Jews Celebrate Chanukah, Festival of Lights, This Week
Jewish homes in the Quad City area will get special lights this week as their menorahs fill with candles to celebrate Chanukah, "the Festival of Lights."
Chanukah is an eight-day observance that commemorates the successful revolt, ca. 200 BCE, of the Maccabees and their allies against the oppression of Antiochus IV, an Assyrian-Greek tyrant who massacred Jews and attempted to wipe out Jewish practices. The Holy Temple in Jerusalem was desecrated under Antiochus.
Jewish tradition holds that the Maccabees defeated the much larger occupying army and expelled them from the Holy Land. But when the victorious Maccabees entered the Holy Temple they couldn't find any pure olive oil to kindle the menorah. Their search turned up a small jar that contained only enough oil to burn for one day. Instead it burned for eight days. The Jews considered it a great miracle.
"To commemorate the miracle, Jews light candles in their menorahs for each of the eight days that the jar of oil burned," said Rabbi William Berkowitz of Temple B'rith Shalom in Prescott.. "Chanukah means renewal-when the Maccabees restored the Holy Temple," Berkowitz noted. "Symbolically, Jews who observe Chanukah are renewing their belief in the power of faith to overcome oppression. It's a celebration that unites Jews all over the world."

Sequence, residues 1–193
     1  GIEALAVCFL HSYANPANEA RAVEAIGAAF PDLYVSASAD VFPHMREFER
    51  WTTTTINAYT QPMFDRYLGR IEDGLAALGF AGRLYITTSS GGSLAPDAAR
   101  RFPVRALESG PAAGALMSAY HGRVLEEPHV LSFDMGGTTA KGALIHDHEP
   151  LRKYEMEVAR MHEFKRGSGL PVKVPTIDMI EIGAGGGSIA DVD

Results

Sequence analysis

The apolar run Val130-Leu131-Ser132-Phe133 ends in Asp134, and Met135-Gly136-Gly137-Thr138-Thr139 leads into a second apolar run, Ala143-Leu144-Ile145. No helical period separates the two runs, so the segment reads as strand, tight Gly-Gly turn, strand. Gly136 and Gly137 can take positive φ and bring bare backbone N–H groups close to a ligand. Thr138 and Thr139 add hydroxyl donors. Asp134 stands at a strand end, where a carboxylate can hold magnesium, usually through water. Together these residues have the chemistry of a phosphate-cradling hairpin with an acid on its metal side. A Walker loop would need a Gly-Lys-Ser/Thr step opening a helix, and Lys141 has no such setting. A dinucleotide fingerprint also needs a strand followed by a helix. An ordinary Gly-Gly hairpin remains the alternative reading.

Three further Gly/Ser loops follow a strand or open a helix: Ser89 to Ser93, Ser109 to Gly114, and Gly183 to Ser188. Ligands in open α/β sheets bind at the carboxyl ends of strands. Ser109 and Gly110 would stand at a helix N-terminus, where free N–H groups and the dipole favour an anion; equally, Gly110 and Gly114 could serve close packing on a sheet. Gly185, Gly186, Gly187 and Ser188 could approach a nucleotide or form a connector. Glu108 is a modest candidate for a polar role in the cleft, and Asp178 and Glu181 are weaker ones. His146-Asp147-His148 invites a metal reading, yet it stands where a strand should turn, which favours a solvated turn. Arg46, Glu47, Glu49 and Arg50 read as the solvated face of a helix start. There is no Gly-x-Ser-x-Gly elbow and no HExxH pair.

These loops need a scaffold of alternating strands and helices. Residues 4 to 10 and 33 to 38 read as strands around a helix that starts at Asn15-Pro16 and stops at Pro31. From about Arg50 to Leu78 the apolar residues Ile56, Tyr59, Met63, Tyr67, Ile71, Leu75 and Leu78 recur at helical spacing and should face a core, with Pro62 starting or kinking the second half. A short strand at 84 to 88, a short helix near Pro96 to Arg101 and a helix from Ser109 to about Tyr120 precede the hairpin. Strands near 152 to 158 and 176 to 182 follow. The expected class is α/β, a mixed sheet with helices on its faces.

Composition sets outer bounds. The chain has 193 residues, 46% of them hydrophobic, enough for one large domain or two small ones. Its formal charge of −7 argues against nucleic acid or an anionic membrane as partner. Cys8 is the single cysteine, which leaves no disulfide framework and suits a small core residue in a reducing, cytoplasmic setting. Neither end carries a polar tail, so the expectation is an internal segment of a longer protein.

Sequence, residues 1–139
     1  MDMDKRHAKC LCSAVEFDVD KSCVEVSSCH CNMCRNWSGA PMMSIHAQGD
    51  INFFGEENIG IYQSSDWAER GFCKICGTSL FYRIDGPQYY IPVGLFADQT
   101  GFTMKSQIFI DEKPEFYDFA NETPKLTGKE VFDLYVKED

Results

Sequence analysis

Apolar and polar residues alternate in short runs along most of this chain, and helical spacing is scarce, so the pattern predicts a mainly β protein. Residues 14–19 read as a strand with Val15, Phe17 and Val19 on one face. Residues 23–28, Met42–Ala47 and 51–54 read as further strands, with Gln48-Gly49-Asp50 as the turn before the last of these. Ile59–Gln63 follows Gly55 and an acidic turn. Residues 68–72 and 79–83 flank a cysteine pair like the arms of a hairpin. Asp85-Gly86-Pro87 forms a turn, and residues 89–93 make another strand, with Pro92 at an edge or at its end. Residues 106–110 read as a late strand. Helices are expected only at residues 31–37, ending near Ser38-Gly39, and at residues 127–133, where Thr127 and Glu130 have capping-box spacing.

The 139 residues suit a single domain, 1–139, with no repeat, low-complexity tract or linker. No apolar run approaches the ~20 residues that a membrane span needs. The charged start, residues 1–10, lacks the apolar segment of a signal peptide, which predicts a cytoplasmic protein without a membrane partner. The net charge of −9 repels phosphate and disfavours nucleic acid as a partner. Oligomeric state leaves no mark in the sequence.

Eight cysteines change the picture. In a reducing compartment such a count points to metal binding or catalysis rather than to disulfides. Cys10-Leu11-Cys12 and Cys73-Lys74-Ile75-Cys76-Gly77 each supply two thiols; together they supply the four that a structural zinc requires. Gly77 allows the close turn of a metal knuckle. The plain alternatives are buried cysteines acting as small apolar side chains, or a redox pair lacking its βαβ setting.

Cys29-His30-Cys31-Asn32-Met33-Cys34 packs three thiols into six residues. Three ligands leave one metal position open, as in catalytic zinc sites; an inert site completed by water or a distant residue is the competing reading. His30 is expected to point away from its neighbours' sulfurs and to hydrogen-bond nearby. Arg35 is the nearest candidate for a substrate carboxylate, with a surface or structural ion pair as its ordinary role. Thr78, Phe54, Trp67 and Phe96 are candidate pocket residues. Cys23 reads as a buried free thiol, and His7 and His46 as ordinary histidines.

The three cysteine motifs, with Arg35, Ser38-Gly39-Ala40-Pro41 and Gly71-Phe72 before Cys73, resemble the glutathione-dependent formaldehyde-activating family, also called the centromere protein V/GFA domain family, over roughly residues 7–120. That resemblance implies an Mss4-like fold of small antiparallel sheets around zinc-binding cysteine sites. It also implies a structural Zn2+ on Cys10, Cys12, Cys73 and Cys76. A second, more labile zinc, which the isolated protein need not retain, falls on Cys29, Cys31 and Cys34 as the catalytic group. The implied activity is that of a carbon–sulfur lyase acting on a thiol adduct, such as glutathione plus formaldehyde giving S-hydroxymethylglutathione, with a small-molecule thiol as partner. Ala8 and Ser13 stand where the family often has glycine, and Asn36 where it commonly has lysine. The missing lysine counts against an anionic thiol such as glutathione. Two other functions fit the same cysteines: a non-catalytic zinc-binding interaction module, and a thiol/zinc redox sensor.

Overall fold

Chanukah is a special time for Jewish children. "Since Chanukah falls near Christmas each year, our kids have a chance to celebrate the holiday season through their own faith," Berkowitz added. "Our tradition is to give children a small gift for each night of Chanukah. We also eat special foods, such as potato latkes (pancakes) and doughnuts because they're made with oil, reminding us of the oil that burned for eight days."